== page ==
The next step for clean marinas

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The Gold Coast City Marina & Shipyard was the first Queensland site to achieve a 100% perfect score in the MIA’s Clean Marinas program.
The Gold Coast City Marina & Shipyard was the first Queensland site to achieve a 100% perfect score in the MIA’s Clean Marinas program.

Jeremy Visser outlines a new environmental management tool available for marinas.

Jeremy Visser.
Jeremy Visser.

Marinas and boat harbours are important infrastructure assets connecting individuals with the aquatic environment. In recent times, there has been an increasing trend of good environmental management of these assets, as exemplified by the high uptake of marinas participating in the Clean Marina and Fish Friendly Programs coordinated by the Marina Industries Association (MIA). Consistent with this trend, there is now a new tool developed by the Infrastructure Sustainability Council of Australia (ISCA) that will provide further support to the industry in achieving and recognising best practice in the management of environmental risks associated with marine infrastructure.

ISCA Infrastructure Sustainability Rating Scheme

Before discussing ISCA’s Infrastructure Sustainability (IS) Rating Scheme, it is important to distinguish between two levels of environmental management. The first is an approach that can be summarised by the idea of ‘pollution prevention’; this approach focuses on managing infrastructure to avoid causing environmental impacts. This is the primary obligation of all infrastructure managers under environmental legislation and approvals.

The second approach emphasises going above and beyond simply avoiding harm and focuses on creating benefits to the environment.

The IS Rating Scheme incorporates both approaches, emphasising the need to manage infrastructure in a way that both avoids impacts and improves the environment. It involves overlap and crossover with the Clean Marina and Fish Friendly Programs but differs in the following ways:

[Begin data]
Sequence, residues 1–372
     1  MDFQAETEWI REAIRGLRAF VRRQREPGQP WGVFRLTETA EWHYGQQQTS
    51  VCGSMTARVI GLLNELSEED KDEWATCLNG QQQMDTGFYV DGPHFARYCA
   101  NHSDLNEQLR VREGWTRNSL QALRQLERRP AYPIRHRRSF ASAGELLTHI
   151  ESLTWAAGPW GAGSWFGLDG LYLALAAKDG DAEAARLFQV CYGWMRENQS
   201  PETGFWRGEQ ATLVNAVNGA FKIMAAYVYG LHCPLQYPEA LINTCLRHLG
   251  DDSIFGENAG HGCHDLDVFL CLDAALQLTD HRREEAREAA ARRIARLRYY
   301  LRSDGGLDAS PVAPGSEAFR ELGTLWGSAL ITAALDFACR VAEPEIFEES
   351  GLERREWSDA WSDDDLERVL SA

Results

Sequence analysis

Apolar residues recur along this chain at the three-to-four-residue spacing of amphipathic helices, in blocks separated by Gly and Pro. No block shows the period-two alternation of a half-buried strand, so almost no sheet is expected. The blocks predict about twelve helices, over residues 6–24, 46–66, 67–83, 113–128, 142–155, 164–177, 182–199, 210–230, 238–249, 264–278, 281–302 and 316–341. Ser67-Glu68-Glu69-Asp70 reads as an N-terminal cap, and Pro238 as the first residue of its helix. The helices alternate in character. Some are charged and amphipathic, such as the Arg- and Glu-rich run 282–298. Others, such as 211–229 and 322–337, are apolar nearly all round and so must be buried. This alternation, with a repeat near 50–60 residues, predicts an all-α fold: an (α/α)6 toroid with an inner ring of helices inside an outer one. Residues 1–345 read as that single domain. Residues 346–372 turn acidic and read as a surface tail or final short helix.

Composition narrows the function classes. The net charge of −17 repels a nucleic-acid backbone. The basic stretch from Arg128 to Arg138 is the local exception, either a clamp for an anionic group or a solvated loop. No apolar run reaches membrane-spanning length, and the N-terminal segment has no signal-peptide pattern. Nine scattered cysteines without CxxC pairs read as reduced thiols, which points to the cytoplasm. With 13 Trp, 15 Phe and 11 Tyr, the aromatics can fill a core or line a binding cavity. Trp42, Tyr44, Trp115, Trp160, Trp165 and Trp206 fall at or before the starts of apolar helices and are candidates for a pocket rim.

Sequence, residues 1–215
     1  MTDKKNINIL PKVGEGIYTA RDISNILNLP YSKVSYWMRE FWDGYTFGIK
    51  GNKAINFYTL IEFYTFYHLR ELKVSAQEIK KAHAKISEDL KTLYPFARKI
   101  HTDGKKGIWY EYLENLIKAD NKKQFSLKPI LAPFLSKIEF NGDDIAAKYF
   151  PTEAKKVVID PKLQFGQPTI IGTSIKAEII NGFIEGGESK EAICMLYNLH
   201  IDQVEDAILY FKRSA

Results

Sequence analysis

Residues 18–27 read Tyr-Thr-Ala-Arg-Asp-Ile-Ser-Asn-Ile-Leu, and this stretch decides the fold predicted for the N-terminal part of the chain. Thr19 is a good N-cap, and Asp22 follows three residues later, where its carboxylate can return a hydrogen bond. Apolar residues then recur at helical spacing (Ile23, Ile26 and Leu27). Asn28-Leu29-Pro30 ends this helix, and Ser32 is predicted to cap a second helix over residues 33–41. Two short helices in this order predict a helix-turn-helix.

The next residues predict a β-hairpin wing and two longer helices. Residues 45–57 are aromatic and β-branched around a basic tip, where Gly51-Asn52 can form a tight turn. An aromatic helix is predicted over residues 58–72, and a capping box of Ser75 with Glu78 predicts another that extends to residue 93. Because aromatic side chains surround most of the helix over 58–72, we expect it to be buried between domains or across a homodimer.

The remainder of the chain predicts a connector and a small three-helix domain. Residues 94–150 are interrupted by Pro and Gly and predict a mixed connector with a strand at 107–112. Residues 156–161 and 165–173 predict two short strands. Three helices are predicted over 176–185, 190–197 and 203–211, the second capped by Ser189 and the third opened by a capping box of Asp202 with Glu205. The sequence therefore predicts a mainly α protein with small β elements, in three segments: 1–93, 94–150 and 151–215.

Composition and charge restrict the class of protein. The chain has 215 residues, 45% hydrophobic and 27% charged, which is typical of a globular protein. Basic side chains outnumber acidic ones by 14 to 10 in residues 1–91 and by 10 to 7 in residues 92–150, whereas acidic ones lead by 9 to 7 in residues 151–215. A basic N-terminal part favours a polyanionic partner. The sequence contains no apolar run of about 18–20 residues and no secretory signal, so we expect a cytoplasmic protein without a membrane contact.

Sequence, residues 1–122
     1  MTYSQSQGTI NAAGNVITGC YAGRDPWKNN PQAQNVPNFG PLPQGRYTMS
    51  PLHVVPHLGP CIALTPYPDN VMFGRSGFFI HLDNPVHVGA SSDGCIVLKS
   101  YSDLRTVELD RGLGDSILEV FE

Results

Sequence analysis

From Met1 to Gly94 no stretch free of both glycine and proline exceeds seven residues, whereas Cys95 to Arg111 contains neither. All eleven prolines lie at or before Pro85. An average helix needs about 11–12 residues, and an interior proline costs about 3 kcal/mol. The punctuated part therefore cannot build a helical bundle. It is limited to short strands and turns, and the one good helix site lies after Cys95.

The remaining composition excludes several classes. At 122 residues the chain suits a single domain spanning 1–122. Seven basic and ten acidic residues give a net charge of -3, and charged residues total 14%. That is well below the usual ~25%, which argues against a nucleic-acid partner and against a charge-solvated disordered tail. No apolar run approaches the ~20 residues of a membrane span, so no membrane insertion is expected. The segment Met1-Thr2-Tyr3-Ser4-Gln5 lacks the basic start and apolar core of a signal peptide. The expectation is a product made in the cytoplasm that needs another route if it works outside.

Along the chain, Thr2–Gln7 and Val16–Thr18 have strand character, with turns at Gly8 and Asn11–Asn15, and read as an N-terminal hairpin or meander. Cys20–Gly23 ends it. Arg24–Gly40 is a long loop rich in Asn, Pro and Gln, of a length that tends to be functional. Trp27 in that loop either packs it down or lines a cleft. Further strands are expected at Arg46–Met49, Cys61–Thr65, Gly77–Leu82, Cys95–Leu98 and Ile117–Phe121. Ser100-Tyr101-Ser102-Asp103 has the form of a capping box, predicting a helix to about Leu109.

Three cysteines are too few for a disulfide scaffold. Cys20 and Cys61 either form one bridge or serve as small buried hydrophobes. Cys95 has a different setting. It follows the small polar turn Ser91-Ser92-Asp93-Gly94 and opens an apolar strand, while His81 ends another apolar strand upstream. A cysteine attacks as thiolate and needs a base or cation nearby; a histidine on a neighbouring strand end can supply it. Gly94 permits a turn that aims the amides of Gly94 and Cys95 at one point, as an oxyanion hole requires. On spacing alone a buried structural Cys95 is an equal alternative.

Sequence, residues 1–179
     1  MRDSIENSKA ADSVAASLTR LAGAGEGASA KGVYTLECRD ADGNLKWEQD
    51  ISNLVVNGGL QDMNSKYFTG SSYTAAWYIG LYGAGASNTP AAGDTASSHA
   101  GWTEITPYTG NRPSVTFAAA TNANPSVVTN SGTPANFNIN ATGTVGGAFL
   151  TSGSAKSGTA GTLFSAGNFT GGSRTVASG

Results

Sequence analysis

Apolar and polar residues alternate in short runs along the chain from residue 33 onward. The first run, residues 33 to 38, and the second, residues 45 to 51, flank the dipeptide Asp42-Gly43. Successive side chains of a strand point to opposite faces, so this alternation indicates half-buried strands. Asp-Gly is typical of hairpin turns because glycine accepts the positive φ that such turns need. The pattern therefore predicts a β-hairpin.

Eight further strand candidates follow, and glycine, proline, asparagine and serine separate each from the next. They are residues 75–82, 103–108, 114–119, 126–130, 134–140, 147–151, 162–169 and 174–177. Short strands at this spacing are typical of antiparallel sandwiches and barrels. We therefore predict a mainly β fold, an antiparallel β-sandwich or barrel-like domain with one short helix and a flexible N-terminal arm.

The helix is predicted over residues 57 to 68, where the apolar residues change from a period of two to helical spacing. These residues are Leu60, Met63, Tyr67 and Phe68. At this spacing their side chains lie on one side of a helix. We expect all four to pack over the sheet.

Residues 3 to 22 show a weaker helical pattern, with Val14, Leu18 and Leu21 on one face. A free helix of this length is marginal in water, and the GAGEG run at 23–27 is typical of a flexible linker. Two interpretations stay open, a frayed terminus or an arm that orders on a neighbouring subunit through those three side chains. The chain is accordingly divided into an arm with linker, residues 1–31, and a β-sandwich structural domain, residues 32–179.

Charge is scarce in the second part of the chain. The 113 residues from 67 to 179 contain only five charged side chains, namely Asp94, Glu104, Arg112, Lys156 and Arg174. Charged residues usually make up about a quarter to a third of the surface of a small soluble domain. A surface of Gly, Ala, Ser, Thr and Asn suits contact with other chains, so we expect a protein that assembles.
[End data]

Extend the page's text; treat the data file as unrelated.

• Greater breadth of ‘themes’ and ‘categories’ considered, ranging from ecology, energy and heritage through to climate change adaptation, community health and well-being, and innovation.
  • Greater emphasis on improvement to the environment.
  • Covers both existing and proposed infrastructure, and can be used in the planning of new assets.
  • Allows marine infrastructure to benchmark their performance against other significant infrastructure assets outside of the marine environment (e.g. airports, railways, sewerage systems, water treatment plants).

Originally launched in 2012 as v1.0, the IS Rating Scheme has been endorsed by the Federal and State Governments and was recently updated to v2.0. To date, the scheme has primarily been used by utilities operators and state-owned corporations but has a growing pool of users.

Examples of assets that have been rated using the tool include: the Webb Dock West, Gold Coast Light Rail, Sydney Metro Northwest, Rous Head Industrial Park, Elizabeth Quay Redevelopment, and the upgrade of the Whitsundays Sewage Treatment Plant. These projects, ranging in value from $5 million to in excess of $1 billion, represent a range of brand new, existing or redeveloped assets managed by a variety of public and private entities.

IS for marinas and harbours

Whilst the above examples are all major infrastructure projects, ISCA has recently introduced a streamlined scheme for ‘small projects’ which would lend itself more to marina and harbour projects. Many credits under the new tool now allow for smaller projects to gain a rating (defined as projects with a capital value of less than or equal to $20 million).

The Transport Departments from several State Governments have committed to the use of the tool for all future developments, including retrofit of existing facilities. As many harbours in Australia are managed by these departments, it is probable that the IS rating tool will begin to gain greater prominence in the marinas sector in the next five years.